The Top Posts on in 2018

We’re now in a relatively quiet part of the year for folks in the Western Hemisphere; it’s a good time to reflect on what has gone well — and not. In that spirit, I thought it worthwhile to review the posts that have had the most views in this site in 2018. (This measure means the most recent posts get sidetracked, but this isn’t meant to be a rigorous assessment.)

The most popular thing I shared this year was an explanation of my semantic environment canvas. This isn’t surprising since it’s less of an opinion piece (as many of my other posts are) and more of a tool. The site’s second most popular post of the year was an example of these semantic maps.

The third most popular post of the year was about the end of engagement as a metric for measuring the success of information environments. This was prompted by Google and Apple releasing versions of their mobile operating systems that allow users to monitor and limit the time the spend on their phones.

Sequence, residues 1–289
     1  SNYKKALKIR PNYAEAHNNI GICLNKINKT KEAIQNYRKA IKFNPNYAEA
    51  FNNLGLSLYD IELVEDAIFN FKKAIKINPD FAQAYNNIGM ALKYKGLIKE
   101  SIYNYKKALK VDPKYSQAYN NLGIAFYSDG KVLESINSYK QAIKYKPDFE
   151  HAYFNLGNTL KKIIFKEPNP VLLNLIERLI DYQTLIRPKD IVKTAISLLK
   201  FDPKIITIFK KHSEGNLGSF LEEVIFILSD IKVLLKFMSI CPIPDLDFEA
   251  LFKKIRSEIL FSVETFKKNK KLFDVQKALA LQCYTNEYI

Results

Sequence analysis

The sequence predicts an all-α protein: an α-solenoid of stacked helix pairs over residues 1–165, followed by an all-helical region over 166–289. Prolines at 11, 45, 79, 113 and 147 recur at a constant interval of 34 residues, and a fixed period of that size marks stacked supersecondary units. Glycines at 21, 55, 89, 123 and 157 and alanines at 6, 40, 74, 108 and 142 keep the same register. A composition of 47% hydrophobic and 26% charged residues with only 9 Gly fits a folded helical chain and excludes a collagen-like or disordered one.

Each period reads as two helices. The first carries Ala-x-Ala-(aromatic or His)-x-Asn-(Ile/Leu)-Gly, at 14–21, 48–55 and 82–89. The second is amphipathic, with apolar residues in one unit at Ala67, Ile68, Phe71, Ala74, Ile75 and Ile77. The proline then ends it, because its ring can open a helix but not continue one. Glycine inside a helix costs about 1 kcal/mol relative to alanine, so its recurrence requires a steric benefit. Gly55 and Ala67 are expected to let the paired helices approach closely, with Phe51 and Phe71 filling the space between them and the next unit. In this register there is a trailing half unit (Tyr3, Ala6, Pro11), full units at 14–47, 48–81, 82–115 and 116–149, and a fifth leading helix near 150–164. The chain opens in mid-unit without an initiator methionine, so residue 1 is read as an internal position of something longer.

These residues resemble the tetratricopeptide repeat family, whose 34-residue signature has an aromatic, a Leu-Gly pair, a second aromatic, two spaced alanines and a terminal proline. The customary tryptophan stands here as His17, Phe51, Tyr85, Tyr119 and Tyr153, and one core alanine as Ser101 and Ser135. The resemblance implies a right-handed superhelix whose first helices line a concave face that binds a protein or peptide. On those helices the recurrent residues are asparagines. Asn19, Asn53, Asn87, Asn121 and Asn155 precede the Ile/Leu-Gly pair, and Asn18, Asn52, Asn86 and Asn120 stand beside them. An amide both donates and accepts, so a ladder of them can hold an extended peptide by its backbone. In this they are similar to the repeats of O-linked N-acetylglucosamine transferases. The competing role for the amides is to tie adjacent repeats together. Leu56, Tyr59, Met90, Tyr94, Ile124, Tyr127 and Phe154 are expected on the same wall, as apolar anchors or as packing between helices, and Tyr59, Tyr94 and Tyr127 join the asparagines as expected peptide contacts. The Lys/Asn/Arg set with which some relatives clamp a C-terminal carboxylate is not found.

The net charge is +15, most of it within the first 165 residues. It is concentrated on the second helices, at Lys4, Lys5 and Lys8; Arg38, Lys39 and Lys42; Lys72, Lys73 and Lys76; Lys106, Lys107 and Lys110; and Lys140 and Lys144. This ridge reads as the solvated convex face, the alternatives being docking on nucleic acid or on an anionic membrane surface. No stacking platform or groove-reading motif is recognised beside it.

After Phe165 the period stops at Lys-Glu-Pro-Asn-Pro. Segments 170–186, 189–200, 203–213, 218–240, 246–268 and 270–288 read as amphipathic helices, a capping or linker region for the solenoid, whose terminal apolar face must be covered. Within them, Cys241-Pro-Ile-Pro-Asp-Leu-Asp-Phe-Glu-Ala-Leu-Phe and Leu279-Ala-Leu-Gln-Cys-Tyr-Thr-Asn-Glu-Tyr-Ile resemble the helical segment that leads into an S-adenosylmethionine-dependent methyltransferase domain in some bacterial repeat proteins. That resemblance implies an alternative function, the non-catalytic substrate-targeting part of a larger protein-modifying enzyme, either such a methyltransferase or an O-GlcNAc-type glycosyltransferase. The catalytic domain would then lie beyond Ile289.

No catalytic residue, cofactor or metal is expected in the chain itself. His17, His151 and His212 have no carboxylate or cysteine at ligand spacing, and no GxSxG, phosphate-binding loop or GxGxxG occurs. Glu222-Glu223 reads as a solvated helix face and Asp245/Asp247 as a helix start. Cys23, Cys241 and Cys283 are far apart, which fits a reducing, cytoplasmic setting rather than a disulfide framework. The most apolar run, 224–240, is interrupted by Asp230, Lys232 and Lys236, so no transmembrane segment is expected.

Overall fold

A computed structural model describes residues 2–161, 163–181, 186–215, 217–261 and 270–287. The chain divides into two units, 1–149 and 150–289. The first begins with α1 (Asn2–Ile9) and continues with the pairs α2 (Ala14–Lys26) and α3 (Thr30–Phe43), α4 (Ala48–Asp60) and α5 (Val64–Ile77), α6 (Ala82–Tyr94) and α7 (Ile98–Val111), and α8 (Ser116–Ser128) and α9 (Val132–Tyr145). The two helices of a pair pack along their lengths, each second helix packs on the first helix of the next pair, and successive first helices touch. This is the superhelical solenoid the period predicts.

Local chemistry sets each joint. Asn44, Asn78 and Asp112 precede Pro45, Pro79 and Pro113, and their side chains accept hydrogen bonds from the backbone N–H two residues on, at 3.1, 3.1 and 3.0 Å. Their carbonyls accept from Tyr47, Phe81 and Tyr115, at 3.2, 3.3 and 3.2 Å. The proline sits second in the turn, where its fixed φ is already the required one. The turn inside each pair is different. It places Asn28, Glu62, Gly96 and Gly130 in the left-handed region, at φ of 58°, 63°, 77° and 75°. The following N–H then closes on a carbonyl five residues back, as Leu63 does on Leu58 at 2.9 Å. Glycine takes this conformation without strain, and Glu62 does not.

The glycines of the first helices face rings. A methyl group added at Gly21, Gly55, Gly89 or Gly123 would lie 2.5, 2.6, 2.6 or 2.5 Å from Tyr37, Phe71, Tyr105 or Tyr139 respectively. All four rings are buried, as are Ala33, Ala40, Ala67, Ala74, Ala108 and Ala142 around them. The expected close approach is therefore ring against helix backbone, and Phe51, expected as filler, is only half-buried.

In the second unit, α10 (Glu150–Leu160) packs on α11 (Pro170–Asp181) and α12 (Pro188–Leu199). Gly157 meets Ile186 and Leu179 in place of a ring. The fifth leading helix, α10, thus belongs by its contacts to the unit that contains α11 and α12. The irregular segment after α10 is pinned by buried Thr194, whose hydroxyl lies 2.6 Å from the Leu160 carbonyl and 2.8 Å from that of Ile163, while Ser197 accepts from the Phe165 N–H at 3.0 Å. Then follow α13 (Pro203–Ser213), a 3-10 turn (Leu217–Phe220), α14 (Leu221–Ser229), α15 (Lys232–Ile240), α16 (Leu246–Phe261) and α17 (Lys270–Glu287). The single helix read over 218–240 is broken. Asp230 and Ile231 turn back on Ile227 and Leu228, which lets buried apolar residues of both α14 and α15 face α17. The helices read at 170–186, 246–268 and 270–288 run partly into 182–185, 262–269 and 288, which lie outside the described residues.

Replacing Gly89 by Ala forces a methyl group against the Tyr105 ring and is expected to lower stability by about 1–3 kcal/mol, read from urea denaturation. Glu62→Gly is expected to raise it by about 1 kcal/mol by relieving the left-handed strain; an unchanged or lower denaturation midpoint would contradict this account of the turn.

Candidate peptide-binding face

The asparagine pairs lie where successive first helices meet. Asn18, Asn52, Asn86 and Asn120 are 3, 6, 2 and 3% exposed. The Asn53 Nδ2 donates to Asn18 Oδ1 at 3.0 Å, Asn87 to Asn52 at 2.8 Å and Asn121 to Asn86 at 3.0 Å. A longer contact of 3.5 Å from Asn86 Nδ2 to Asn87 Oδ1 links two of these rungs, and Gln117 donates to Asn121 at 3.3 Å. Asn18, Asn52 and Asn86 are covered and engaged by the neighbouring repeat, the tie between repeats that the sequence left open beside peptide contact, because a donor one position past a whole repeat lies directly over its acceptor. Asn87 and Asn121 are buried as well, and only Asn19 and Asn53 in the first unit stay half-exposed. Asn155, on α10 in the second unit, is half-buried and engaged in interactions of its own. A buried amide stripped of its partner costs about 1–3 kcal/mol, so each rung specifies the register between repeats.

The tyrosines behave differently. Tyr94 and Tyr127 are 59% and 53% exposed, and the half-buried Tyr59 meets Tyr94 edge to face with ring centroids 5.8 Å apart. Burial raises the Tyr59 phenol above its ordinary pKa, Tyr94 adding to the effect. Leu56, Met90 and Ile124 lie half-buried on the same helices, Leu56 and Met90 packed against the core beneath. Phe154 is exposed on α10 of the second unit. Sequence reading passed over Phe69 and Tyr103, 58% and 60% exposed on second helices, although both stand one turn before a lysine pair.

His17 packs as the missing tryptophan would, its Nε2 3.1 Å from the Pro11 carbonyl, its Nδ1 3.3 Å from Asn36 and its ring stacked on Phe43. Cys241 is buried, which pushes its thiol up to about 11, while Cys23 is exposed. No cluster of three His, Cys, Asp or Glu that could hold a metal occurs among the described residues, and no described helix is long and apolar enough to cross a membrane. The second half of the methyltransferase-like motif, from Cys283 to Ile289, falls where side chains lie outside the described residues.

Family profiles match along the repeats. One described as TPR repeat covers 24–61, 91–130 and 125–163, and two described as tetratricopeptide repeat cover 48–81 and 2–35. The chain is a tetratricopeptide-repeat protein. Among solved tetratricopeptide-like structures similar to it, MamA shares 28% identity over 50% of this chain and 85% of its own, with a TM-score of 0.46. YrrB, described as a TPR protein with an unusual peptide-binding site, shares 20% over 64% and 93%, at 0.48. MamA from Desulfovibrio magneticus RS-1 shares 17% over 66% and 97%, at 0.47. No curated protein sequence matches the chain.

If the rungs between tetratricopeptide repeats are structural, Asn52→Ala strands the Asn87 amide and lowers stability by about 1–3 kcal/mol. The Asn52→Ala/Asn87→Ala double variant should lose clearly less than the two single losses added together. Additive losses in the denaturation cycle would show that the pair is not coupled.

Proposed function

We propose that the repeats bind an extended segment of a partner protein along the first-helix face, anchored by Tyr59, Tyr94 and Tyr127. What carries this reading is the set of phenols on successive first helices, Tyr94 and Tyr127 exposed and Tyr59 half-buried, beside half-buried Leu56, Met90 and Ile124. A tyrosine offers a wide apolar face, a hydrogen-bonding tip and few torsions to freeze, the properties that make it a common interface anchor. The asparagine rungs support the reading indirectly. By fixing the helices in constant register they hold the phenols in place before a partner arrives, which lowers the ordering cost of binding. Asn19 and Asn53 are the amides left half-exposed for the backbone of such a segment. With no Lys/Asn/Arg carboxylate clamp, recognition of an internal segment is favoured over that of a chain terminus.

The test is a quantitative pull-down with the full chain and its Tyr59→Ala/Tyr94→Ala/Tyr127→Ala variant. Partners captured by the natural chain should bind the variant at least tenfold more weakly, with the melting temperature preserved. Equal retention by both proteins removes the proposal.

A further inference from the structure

The site’s fourth most popular post of the year dealt with organizational politics; a subject that everyone who works in large(r) teams encounters, and which designers are often ill-prepared to navigate skillfully.

The fifth most popular post was a description of what semantic environments are. Back to the canvas! Since three of the posts in the top five this year were about semantic environments, I’ll share one more.

The sixth most popular post was my notes on Factfulness, the amazing book by the late Hans Rosling (et al) that was released earlier this year. If you haven’t yet read Factfulness, make space for it in your queue; it’ll give you a more realistic — and hopeful — perspective of the world you live in.

Some reflection… I write in this site as a means of flexing my writing muscles. I try to share stuff you’ll find useful, but getting lots of views isn’t my primary goal. That said, the success of the semantic environment canvas posts has me thinking about the direction of this site, and how I can make it more useful by posting more tools. What about you? What would you like to hear more about? Please let me know.